16 November 2009
14 March 2014
6 January 2014
25 September 2014
17 March 2014
14 April 2014
London is now the city of choice for Russian oligarchs to pursue their business interests through the courts. Katy Dowell examines one such high-profile case being brought against Chelsea FC boss Roman Abramovich
Diplomatic relations between the British government and its Russian counterpart have become increasingly frosty in recent years. This has not been helped by the UK’s apparent willingness to shelter oligarchs that have fallen foul of the Russian government.
For an elite band of City firms, however, relations have boomed as Russia’s wealthiest businessmen prove that they love the English legal system almost as much as they love oil. There are number of reason for this romance.
According to one London partner, litigating in the High Court is almost seen as a status symbol. “The more proceedings that are issued in the High Court, the more kudos and status an oligarch has,” the partner says.
Others, however, believe it is the quality of the UK legal system that has attracted some of the world’s richest businessmen to London.
Addleshaw Goddard partner Mark Hastings, who has spent the last year representing self-exiled Russian oligarch Boris Berezovsky in his $5bn (£3.02bn) case against Chelsea FC owner Roman Abramovich, comments: “Over the past few years, London has seen a significant increase in large-scale litigation arising out of events in Russia and the surrounding CIS states. One reason for this is that more wealthy Russians are choosing to live in London. Another is that they rightly perceive the English legal system to offer guarantees of fairness and impartiality not always available in other jurisdictions.”
The Berezovsky case
Berezovsky’s case against Abramovich is the sort of stuff spy novels are made of (although given recent history’s tally of one murder and numerous deportations involving Russian and UK spies on each other’s soil, it might be more tactful to use another analogy). The tale begins in the immediate aftermath of the break-up of the Soviet regime, when a number of savvy businessmen brought up the country’s assets through government auctions. Abramovich and Berezovsky were among the big-time buyers. In 1995, together with Georgia’s then richest man Arkady ‘Badri’ Patarkatsishvili, they bought up the Russian oil company Sibneft for a mere $100m. When it was valued on the open market two years later it was worth $5bn.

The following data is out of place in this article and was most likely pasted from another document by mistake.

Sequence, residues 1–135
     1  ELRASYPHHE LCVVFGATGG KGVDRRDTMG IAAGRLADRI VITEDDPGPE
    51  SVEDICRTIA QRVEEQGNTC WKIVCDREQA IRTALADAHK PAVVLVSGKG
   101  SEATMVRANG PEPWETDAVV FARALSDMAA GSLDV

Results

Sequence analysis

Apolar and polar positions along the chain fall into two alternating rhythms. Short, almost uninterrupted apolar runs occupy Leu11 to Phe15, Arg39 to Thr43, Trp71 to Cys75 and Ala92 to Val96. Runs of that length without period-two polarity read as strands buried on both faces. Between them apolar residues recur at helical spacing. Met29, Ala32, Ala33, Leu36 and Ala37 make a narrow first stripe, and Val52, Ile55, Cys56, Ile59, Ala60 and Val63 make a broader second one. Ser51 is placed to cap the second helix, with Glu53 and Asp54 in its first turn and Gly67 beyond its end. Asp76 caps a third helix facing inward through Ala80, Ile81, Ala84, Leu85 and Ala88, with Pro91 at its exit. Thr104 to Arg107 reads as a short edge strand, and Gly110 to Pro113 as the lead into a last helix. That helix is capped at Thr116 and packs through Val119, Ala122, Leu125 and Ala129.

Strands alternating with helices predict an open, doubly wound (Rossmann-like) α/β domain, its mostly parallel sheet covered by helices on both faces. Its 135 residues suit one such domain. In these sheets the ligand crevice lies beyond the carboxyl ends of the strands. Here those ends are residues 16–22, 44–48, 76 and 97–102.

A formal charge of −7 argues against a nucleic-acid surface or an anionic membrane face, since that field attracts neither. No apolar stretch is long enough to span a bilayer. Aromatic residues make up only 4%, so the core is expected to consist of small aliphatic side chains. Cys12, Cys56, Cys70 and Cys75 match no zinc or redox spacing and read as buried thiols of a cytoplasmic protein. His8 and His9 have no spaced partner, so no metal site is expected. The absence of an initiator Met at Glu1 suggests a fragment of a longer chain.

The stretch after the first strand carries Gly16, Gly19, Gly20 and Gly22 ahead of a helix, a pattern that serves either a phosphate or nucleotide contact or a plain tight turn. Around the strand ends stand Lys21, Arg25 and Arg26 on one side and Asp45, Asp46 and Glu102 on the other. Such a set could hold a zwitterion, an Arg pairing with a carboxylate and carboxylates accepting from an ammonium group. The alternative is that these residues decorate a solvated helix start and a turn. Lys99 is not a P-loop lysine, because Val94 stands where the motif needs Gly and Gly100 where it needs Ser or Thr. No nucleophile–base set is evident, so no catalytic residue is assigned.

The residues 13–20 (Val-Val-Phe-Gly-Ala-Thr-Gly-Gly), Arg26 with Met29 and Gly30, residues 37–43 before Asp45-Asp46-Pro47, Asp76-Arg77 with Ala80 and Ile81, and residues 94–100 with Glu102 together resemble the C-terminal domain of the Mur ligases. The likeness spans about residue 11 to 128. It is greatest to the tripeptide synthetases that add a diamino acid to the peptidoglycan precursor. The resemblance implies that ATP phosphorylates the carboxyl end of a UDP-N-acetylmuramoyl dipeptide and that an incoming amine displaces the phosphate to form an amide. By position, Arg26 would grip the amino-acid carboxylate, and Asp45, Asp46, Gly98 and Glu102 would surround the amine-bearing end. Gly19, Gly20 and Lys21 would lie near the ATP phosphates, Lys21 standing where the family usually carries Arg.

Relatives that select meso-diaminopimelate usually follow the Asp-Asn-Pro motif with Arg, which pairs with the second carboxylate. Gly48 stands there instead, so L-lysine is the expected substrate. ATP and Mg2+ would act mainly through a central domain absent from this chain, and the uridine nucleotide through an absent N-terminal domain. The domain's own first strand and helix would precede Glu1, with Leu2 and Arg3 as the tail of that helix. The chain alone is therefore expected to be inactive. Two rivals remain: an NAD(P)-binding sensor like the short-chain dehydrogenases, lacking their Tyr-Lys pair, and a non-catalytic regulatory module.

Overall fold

With his wealth growing, Berezovsky began to gain political power. Ultimately this led to his fall from grace in Russian oligarch circles. Despite being a one-time confidant of President Boris Yeltsin, Berezovsky found himself out of favour when President Vladimir Putin came to power.
In the particulars of Berezovsky’s claim against Abramovich, which has been submitted to the court, one incident that is alleged to have triggered his fall from grace was Berezovsky’s apparent criticism of how the Putin regime handled the explosion of the Russian submarine, the Kursk, in which all crew members perished.
The television channel owned by Berezovsky, OFT, suddenly became critical of Putin and, according to the claim, he was asked to relinquish his ownership of the former state-controlled television channel. It is claimed that this is when Abramovich began to turn on Berezovsky.
It is also alleged that Putin himself wanted control and state officials threatened to imprison Berezovsky if he refused to give in.
In his response to the claims, Abramovich refused to acknowledge such threats. His legal team also refused any knowledge of the claim that relations between Berezovsky and Putin deteriorated significantly. This, it is alleged, ultimately resulted in Berezovsky absconding to France and then to Britain, where he was granted political asylum.
At around this time, the claimant says he was still in business with Abramovich and Patarkatsishvili, although Abramovich was moving ever closer to the Putin regime. The defendant rejects this allegation but concedes to having a good working relationship with Putin.